# 2D Vector, how to add element

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Hi, I want to create a 2d vector, eg vector <vector<RECT*>> m_vecRectangles; I'm wondering how you use pushback to add an element using the dimensions, eg [3][1] if I wanted to add an element to the 3rd column and 1st row.

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m_vecRectangles.at(3).push_back(whatever);

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does this work:

m_vecRectangles.at(3)(5).push_back(whatever);

if I wanted to put a RECT at location [3][5].

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Quote:
 Hi, I want to create a 2d vector

That's not a 2D vector, that's a vector of vectors. Every row can have a different number of columns.

Quote:
 Original post by utilaedoes this work:m_vecRectangles.at(3)(5).push_back(whatever);if I wanted to put a RECT at location [3][5].

No.

What are you trying to do? To extend the vector or to modify an existing element at that location?

To grow the vector, you would do m_vecRectangles.at(3).push_back(whatever)

To modify the element, you would do m_vecRectangles.at(3).at(5) = whatever or m_vecRectangles[3][5] = whatever assuming your vectors already are big enough to accomodate an element there - otherwise you'd have to grow them first.

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Quote:
 Original post by utilaedoes this work:m_vecRectangles.at(3)(5).push_back(whatever);if I wanted to put a RECT at location [3][5].

It seems as though you don't have much experience with vectors, so lets start at the top.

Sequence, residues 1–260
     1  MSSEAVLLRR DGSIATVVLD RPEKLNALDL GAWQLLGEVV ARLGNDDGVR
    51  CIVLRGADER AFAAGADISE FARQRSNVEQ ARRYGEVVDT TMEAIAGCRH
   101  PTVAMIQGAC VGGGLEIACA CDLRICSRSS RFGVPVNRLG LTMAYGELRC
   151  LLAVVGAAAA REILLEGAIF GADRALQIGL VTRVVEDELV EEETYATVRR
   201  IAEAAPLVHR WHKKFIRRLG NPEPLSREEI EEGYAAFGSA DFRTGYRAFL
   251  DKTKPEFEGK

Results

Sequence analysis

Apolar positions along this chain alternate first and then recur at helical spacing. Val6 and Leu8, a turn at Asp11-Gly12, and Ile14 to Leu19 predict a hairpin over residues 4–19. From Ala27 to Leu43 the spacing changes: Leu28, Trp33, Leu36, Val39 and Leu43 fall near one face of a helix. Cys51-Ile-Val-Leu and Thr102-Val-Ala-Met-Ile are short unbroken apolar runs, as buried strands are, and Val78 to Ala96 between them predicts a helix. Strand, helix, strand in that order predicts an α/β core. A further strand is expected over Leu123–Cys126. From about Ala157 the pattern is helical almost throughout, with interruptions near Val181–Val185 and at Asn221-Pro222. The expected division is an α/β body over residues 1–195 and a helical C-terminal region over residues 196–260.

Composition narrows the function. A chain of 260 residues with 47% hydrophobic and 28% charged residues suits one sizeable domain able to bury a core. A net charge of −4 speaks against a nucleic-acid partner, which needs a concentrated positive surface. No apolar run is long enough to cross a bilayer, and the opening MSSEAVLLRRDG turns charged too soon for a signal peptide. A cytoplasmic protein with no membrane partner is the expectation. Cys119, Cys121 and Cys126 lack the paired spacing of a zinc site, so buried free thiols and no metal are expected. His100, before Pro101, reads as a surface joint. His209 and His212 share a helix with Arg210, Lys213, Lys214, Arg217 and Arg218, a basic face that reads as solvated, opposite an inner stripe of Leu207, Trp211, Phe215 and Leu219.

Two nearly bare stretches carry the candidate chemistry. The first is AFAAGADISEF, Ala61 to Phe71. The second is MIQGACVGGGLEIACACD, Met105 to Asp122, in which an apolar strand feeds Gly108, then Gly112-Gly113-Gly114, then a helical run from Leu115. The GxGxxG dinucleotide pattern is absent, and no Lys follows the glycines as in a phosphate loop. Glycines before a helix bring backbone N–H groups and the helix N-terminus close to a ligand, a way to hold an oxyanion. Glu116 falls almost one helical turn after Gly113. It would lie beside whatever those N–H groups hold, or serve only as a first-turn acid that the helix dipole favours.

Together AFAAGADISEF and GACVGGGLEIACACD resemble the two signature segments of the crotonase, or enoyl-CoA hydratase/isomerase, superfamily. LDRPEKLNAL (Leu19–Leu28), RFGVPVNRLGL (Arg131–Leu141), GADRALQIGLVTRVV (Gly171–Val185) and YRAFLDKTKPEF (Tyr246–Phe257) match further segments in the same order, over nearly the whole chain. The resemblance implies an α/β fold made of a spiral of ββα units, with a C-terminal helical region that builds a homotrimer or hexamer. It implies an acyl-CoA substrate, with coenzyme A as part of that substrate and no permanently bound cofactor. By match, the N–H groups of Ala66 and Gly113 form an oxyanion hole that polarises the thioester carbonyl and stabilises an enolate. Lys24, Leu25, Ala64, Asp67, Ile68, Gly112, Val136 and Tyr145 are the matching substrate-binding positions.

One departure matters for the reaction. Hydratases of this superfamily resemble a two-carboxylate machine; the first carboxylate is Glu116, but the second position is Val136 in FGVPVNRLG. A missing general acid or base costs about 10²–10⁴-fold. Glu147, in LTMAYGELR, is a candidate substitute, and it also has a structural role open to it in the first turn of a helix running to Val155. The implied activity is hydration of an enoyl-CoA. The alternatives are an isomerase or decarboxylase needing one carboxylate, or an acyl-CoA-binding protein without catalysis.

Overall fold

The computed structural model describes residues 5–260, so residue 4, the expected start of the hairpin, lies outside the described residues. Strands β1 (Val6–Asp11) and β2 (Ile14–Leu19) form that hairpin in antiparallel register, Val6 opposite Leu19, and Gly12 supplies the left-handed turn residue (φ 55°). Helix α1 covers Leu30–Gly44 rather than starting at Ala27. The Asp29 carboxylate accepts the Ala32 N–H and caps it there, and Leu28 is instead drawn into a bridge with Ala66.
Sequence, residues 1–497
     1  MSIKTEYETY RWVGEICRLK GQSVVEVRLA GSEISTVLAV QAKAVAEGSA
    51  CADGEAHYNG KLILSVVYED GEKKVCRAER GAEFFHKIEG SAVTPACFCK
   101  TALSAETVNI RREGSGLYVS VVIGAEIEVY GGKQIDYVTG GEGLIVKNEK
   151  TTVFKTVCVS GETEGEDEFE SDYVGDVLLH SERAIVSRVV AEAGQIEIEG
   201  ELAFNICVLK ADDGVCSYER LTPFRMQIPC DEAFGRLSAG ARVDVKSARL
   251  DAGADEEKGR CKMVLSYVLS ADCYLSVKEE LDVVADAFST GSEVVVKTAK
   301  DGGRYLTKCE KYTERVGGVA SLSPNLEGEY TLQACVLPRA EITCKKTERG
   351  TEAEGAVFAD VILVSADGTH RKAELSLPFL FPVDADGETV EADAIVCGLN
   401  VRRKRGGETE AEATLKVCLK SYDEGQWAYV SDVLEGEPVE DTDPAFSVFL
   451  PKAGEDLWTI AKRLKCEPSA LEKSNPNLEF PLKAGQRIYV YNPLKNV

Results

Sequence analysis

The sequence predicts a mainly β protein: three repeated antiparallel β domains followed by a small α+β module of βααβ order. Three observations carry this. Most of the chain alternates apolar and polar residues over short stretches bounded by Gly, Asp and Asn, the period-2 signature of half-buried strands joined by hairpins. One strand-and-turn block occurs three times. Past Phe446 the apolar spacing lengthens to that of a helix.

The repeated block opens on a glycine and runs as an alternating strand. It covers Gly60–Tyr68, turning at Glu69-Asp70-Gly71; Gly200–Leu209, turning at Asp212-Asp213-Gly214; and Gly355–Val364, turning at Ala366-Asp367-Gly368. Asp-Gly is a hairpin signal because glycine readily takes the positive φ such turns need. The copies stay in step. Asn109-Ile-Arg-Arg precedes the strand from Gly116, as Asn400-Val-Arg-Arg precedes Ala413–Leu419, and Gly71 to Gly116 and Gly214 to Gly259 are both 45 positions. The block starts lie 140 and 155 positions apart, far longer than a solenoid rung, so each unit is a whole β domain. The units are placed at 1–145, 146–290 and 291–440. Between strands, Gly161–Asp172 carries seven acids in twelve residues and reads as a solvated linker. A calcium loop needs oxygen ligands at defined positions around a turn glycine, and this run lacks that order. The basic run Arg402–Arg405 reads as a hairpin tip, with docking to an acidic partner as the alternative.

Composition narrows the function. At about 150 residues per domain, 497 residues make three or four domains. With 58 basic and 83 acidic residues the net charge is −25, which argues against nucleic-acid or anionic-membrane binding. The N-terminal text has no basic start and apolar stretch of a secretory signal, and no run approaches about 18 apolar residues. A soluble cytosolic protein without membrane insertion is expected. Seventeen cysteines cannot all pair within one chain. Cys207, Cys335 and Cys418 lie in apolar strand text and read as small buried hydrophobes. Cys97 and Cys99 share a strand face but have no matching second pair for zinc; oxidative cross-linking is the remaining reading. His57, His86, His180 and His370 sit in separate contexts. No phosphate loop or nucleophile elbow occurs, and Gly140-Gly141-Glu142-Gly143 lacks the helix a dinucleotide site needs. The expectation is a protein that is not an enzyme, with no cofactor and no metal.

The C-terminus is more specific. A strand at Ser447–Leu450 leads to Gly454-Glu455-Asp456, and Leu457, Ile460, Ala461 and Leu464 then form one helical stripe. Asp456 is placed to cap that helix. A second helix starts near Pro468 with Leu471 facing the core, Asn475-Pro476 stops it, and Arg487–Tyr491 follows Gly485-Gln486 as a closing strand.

First of all, avoid the RECT*. Just add RECT objects directly. The whole point behind using things like vectors is to avoid things like memory allocation. At the very least, use a smart pointer of some sort. Not an auto_ptr, though, because those aren't compatible with the library containers.

If you just want to tack a new object onto the end of a vector, you use .push_back(whatever). If you want to set an object in the middle, then you use vec.at(x) or vec[x]. The former is bounds checked, the latter is not.

Examples:
vector<int> vec1(5, 10); //creates a vector with 5 integers all set to 10vector<int> vec2(5); //creates a vector with 5 integers [I think they equal 0, but I'm not sure they have to]vector<int> vec3; //Creates an empty vectorvec1.push_back(8); //Adds a sixth element equal to 8, {10, 10, 10, 10, 10, 8}cout << vec1[5] << endl; //prints 8cout << vec1.at(5) << endl; //prints 8cout << vec1[6] << endl; //Invalid element...possibly a buffer overflow   //[*edit: definately a buffer overflow, but possibly into memory the vector owns.  Either way, it should be avoided]cout << vec1.at(6) << endl; //Throws an exception...out_of_range, I believevec1.at(0) = 1; //Sets the first element, {1, 10, 10, 10, 10, 8}vec1[1] = 2; //Sets the second element, {1, 2, 10, 10, 10, 8}

All that applies if the vector holds vectors.
struct rect {  int x; int y; int z;   rect(int x_ = 0, int y_ = 0, int z_ = 0) : x(x_), y(y_), z(z_) {}}vector<vector<rect> > vec(5); //Creates five empty vector<rect> objectsvec.push_back(vector<rect>()); //Adds a sixth empty columnvec[0].push_back(vector<rect>(5)); //Adds a row of five default rect objectsvec[1].push_back(vector<rect>(1, rect(1, 2, 3))); //Adds a row of one rect object equal to {1, 2, 3}vec[0] = vector<rect>(10); //Changes the first row to have 10 objectsvec.at(1)[0] = rect(1, 1, 1); //Sets the element [1][0] to {1, 1, 1}vec[1].push_back(rect(2, 2, 2)); //Adds a second element to [1][0]vec[1][1].x = 3; //Changes a member of element [1][1]

And so forth.

CM

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